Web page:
Cattles Driving Carefully
July 22, 2009
Getting a driving license had been at the back of my mind for a while, being 25 and mildly ashamed not to own one.
So after months of nagging our omnipotent friend, fixer of all things scary, and paperwork magician Mr F, Victoria and I, one fine morning of last month, set off to the Rajasthan Road and Transport Office.
Or whatever it was called.
It was a sweet 48°C outside, but thankfully Mr F had provided us with an air-conditioned car, and driver. At the head of a small army of errand-runners, Mr F had also assigned the very efficient Vinit to escort us through the Driving License Mission.
We first visited the lady officer in charge. To make an appointment, simply push the other 95 people agglutinated under her window, stand on the tip of your toes, and wave until a peon notices you. If you wear fancy sunglasses, you will be let in.
So in we got. We sat with the lady, who examined our applications, requested a few more papers, and flashed a big, betel-stained smile at Mr F.
We went back to the heat, into the fascinating underworld of bureaucracy. Outside the building stand dozens of little huts spartanly furnished with a few plastic chairs and a wobbly table. Mountains of papers adorn them. These people, it seems, are entrusted by the government of India to notarize paperwork and deliver affidavits.
When we finally retreated to the car, Vinit the Almighty handed us a torn, dirty booklet.
“It’s for the test”, he said.
“What test?” I asked, alarmed.
“You read it, no problem.”
The booklet’s aim was to train one for the theory test.
There were mulitple-choice questions about road-related signs and situations. But oh dear reader do not underestimate the wickedness of it. What we thought would a be a silly read turned out to be mesmerizing.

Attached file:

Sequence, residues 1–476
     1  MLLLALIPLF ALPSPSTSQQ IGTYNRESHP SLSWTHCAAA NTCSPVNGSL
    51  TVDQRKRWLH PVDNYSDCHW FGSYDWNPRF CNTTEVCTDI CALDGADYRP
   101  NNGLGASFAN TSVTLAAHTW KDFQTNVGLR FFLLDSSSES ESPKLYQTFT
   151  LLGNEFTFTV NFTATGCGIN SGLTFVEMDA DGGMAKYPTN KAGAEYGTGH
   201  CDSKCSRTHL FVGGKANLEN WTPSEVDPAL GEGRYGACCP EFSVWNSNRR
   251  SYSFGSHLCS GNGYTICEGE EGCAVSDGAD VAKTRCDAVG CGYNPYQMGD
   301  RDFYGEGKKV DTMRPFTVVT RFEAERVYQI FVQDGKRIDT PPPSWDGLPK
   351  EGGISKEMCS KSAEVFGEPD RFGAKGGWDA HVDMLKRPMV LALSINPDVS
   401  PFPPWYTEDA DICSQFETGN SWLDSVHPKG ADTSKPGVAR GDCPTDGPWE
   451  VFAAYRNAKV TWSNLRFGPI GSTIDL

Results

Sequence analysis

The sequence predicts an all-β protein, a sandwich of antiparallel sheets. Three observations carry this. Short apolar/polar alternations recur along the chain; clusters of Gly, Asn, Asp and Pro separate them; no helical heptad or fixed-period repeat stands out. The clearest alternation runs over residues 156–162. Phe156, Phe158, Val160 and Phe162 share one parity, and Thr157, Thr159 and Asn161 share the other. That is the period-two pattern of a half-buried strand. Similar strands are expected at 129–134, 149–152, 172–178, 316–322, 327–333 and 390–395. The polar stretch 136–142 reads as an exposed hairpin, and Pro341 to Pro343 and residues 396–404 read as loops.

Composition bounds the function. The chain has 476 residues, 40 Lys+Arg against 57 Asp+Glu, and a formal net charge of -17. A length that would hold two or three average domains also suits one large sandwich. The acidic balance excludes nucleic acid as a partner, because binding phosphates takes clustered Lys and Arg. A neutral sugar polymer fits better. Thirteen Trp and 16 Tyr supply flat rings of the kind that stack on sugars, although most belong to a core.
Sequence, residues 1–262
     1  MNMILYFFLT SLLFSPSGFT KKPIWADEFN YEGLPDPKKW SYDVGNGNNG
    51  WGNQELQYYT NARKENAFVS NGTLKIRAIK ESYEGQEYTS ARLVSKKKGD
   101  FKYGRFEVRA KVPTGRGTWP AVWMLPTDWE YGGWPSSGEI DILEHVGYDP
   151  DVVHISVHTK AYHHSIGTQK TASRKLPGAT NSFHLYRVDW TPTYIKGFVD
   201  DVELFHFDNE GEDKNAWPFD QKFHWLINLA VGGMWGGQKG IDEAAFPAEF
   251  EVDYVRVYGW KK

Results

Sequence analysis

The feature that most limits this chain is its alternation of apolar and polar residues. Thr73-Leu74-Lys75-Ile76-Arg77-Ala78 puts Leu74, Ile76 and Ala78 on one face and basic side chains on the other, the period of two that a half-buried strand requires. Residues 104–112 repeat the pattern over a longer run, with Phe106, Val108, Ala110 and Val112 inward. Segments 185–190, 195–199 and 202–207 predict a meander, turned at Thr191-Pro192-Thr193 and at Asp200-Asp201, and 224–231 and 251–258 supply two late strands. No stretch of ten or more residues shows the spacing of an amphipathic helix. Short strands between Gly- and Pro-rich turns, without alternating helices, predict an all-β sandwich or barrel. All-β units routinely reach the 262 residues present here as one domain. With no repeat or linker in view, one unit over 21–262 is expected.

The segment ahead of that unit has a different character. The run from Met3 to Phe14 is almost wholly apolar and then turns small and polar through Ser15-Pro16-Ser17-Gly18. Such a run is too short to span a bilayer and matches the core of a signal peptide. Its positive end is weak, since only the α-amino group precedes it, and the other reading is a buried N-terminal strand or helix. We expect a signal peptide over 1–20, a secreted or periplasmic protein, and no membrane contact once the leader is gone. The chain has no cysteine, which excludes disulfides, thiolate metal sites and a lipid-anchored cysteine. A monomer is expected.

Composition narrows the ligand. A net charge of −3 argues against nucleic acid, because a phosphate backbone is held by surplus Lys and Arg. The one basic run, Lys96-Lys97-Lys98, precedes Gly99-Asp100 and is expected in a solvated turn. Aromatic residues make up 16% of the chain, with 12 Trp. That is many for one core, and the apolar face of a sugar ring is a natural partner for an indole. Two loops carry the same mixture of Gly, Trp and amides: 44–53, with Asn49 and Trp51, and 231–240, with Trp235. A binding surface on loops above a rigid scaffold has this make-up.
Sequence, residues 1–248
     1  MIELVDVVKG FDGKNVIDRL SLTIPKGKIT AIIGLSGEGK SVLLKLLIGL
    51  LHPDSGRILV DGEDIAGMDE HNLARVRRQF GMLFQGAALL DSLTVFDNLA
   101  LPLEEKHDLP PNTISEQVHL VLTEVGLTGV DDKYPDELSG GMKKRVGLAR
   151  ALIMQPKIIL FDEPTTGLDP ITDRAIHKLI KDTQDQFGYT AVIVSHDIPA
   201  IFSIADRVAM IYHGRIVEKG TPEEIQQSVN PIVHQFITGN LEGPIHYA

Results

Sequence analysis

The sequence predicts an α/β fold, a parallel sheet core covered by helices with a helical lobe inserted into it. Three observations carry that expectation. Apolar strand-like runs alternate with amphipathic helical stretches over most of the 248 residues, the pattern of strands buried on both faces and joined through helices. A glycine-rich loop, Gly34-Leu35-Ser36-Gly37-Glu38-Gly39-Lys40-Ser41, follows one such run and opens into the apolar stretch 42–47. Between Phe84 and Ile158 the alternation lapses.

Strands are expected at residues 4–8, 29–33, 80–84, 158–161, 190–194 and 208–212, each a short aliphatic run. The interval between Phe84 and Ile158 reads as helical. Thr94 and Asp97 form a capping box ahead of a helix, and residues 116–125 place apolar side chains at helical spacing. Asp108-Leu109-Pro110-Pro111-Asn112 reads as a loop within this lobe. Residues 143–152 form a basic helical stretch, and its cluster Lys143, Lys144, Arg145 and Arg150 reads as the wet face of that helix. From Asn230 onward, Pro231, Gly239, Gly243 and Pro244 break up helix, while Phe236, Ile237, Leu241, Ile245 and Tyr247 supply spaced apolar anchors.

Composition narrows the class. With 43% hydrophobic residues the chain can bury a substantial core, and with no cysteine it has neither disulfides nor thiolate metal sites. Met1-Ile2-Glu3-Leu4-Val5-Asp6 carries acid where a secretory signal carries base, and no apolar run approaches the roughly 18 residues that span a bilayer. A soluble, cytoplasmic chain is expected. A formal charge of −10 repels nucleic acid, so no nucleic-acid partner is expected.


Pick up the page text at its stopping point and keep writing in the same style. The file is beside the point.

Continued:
Firstly, the relatively simple MCQ format was somehow obscured by the formulation itself.
However, “what is by mean this sign” even though not grammatically perfect, is still understandable by means of key words.
Then came the situation-related questions.
There were some relatively mild, although beguiling ones:
It is authorize to ride two-wheeler without elmet.
Well, don’t smile, you would wonder.
At night, it is not necessary to follow the rules.
I like that spirit. There is something kinky, rather Stanley-Kubrick-ish about it.
Now after this gentle warm-up, Victoria and I reached the really really serious questions. By that point, we were tearing the booklet from each other’s hands.
You are involved in accident. What do you do.
a. carry the injoured to hospital
b. carry the injoured to hospital and go to police
c. go to police
d. go home
You will be happy to know that “b” is the correct answer. The fact that moving the injoured without medical equipment might aggravate its condition and result in lifelong paralysis is, of course, preposterous.
And because I can’t bear making this post too long, I will love you and leave you with my favorite one. At this point Victoria and I are simply rolling on the floor, in tears.
What is by sign mean:
a. milk available
c. cattles driving carefully
d. none of the above
The fact that “c” is the correct answer, may I just say, fills my heart with joy.